This also has political consequences (in the US for example),  which the Left wants, to curtail individual speech (which tends to be meritocratic and conservative – although the claims that this leads to white extremism are simply false) because it incorrectly thinks that will force more solidarity and give non-profits more control over what is said.  We’re already seeing some evidence of this, as Facebook boldly inserts requests in user’s timelines to run fundraisers for non-profits (which would destroy the integrity of their own speech).

And we don’t know how normal webhosting platforms (the old Web 1.0 stuff) where people pay to be hosted, would be affected.  Maybe their stuff would be blocked from the EU.  (Curiously, all my sites are available in China despite their political subversiveness and libertarian, anti-communist and anti-identarian content.  Blogger is not available, but I seem to get traffic on Blogger from China anyway.

Tuesday, March 26, 2019

New Zealand's law jailing people for possessing even "the Manifesto" follows the debate on gun control; the idea of a paper trigger "weapon"

The dark news keeps coming.

Today, the EU passed its copyright directive.  I’ve explored the possible consequences on another blog, link here.  

New Zealand, as widely reported now already, has made it a crime to possess a copy of the “manifesto” of the perpetrator of the attack March 15 in Christchurch.  On Monday, I wrote a post on my COPA blop comparing this kind of “possession” offence comparable in concept to normal laws putting people ein prison for possessing child pornography.

But a more apt comparison might be for illegal possession of weapons, and in some sense in the US the first two amendments are logically linked.

New Zealand (as in a link on the COPA blog) claims that the “manifesto” included precise directions and locations for the attack.  Now, when the attack was reported on the US East Coast late March 14, I didn’t pay a lot of attention at first as I was preparing for a weekend trip.  By the time I got to Union Station March 15 I realized, from various text messages, the magnitude of what had happened and I read the manifesto on my phone and then on my laptop, and, yes, I saved a PDF of it, which is now in my cloud.  The Document Cloud link now gives a 403 forbidden, which means that you have to be a registered user and approved to see it (which is allowed in the New Zealand law) from anywhere in the world.  For example, you can be an actual academic or journalism professional, employed itself. You can’t see it as a self-declared blogger.   I plan to travel to Canada in May, and it is conceivable I could get into trouble if I don’t remove the copy from the a laptop (and its cloud backup) because there has been a legal case in Ontario already.   One reason I read it and wanted a copy was to ensure there was no covert reference to me or my own work in the document.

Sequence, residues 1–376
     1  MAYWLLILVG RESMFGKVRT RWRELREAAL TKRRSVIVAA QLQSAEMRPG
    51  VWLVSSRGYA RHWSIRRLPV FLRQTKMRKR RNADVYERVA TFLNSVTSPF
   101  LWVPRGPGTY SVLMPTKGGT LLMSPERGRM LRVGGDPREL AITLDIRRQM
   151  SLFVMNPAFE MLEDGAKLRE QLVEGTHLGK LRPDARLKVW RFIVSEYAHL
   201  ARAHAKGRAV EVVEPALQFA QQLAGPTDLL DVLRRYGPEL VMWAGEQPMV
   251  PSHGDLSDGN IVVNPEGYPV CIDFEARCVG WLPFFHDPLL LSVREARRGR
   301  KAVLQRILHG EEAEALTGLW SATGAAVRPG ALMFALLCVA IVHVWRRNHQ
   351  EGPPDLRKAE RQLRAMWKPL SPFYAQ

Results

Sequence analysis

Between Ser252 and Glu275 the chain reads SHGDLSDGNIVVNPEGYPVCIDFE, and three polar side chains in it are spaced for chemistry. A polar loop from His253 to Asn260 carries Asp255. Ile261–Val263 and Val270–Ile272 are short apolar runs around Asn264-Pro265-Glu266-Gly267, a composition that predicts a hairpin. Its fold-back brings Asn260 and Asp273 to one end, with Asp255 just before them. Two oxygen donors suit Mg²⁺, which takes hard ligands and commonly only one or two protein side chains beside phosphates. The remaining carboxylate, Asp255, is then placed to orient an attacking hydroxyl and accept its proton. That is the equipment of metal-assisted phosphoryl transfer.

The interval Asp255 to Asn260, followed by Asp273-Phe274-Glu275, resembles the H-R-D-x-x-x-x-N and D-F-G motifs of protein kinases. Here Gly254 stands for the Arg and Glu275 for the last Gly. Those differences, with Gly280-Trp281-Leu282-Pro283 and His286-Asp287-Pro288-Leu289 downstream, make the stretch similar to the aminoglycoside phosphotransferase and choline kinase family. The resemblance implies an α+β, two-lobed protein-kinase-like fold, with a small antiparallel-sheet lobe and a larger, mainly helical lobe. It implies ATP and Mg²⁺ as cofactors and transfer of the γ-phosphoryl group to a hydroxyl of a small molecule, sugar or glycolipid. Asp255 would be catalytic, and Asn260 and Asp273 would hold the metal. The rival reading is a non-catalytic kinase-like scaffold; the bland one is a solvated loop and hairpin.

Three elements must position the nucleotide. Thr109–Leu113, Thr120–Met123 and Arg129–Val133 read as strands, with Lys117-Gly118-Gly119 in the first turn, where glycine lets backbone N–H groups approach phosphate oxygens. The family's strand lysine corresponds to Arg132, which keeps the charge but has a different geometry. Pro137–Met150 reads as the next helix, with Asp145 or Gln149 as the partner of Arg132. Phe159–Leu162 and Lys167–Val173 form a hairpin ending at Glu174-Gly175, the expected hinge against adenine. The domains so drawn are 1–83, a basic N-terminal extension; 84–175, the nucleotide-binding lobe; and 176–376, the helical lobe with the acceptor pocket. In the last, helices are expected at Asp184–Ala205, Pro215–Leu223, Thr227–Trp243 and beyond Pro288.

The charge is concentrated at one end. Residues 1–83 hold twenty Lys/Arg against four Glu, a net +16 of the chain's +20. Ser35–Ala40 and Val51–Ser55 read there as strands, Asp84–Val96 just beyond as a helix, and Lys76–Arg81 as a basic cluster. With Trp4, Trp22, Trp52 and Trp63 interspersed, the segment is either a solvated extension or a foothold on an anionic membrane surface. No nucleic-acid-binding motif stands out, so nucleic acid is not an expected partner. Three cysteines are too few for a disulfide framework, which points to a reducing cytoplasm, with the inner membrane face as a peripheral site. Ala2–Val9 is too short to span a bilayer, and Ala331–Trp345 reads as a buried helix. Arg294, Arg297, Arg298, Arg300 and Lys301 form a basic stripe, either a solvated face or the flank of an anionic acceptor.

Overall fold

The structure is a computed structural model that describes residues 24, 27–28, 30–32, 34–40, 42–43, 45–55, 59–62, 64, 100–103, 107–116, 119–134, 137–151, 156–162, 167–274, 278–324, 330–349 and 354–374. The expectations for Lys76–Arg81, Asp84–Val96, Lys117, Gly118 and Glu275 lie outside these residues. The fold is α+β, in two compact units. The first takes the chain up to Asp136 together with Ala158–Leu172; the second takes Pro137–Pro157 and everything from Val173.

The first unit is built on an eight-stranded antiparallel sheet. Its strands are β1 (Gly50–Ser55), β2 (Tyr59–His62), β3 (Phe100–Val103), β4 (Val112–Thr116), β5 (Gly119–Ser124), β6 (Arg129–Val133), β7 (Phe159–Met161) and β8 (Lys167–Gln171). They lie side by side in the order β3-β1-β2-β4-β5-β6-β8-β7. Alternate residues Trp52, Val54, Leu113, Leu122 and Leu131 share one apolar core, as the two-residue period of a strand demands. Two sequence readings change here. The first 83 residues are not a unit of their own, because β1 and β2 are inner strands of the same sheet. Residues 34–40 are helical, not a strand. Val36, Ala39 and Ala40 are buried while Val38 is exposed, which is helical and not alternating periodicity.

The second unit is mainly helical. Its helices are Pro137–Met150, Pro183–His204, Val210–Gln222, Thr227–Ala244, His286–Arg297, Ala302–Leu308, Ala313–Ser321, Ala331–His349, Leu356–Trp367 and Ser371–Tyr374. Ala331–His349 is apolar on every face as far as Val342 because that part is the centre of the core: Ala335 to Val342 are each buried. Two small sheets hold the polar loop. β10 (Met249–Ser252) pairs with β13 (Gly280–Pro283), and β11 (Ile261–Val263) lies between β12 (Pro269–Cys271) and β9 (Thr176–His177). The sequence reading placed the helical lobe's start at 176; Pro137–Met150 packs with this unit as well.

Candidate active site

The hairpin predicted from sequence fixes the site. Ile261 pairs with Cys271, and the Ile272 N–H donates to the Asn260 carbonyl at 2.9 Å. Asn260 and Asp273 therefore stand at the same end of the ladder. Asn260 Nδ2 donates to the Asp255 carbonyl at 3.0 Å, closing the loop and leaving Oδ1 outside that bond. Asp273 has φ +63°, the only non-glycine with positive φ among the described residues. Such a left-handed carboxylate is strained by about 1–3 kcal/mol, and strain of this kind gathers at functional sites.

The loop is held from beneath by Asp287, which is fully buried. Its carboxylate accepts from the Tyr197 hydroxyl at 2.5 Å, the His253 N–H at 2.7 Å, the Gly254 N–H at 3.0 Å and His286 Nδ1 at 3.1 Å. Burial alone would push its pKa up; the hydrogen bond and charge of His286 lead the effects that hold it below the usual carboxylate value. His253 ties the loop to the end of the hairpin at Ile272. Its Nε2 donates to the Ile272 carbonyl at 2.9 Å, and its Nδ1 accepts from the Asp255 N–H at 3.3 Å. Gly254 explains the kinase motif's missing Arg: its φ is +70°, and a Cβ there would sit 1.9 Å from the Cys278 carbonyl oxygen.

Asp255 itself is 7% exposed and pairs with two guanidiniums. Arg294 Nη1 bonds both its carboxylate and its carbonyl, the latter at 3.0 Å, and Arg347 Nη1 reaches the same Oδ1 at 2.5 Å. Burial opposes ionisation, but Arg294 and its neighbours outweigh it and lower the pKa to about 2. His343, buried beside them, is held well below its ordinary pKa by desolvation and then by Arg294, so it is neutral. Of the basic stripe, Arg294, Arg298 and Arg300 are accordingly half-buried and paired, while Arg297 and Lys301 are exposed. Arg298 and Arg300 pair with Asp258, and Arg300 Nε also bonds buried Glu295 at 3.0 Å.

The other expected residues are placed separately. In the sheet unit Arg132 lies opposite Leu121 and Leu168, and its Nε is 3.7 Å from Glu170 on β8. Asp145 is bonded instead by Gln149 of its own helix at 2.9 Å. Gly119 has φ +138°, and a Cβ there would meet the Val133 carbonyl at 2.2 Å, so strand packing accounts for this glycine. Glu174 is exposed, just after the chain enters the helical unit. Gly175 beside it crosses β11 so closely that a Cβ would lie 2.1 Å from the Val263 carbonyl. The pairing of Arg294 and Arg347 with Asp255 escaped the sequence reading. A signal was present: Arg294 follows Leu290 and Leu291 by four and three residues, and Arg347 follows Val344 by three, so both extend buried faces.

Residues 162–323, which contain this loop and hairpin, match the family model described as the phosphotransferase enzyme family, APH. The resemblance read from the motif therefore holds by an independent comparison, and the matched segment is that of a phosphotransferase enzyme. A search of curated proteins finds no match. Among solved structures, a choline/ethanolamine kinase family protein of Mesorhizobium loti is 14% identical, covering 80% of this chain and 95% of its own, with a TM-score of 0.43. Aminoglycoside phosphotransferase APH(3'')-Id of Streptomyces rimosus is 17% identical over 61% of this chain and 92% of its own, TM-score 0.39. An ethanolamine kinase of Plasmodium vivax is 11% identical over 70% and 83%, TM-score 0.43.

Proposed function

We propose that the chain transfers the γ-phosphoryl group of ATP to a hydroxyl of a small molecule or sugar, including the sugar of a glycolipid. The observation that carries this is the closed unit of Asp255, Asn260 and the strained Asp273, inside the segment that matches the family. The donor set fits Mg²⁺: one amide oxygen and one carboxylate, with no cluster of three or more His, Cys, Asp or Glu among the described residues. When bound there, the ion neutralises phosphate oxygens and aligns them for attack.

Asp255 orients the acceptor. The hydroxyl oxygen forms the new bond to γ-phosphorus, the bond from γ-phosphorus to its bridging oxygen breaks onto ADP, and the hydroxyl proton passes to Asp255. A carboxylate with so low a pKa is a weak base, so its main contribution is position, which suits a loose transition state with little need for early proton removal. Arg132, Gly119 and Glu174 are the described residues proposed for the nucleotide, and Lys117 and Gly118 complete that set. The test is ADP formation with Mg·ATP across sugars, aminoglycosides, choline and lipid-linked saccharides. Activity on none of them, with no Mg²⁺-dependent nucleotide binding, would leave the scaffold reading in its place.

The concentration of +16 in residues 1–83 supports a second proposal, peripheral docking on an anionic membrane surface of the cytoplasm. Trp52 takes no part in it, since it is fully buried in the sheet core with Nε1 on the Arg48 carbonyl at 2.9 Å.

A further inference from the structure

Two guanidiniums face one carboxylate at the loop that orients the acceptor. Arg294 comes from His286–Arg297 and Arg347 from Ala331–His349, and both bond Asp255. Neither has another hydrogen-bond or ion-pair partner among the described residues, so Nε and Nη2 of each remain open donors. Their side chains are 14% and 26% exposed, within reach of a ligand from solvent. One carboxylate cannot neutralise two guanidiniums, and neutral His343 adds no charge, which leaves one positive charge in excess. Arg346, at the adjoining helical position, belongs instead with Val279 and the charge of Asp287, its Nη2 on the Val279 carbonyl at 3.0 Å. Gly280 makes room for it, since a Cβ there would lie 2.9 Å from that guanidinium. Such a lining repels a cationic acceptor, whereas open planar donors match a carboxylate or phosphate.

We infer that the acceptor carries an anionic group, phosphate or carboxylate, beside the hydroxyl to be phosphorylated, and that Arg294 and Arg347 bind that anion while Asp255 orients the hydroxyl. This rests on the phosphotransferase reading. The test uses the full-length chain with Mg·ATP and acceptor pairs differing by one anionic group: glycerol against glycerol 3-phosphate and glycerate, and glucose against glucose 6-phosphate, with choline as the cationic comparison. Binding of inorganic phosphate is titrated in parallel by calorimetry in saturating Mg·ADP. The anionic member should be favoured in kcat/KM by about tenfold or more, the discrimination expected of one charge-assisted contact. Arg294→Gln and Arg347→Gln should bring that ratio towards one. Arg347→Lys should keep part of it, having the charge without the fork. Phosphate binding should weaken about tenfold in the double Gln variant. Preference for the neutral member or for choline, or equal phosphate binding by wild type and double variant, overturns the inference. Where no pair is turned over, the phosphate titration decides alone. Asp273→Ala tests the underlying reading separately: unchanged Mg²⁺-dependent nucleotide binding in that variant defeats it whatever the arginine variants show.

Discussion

This idea (of requiring press credentials) itself is troubling (it reminds me of a series of tweets by Ford Fischer establishing that you don’t need official press credentials to photograph the police). 
I take the NZ’ “censor’s” word for it on the claim that there were specific directions. (I don’t recall reading that specifically.)  So I can see how NZ could see this as like a specific threat or blueprint for an intended event – even though it now has happened, there could be another one intended. 

It is illegal in any democratic country to transmit a threat or even a hyperlink to one (although in the past it has been unusual for people to get into trouble over “mere” hyperlinks). So there is at least the theoretical possibility that linking to it now would be illegal even here.
But NZ’s point is that the document is somewhat like a paper weapon, or (by curious analogy) 3-D printed weapon (or, even as a more bizarre metaphor, a cryptocurrency paper wallet). If transmitted, it could lead to another incident. So possession of a copy of one is like possessing a weapon illegally.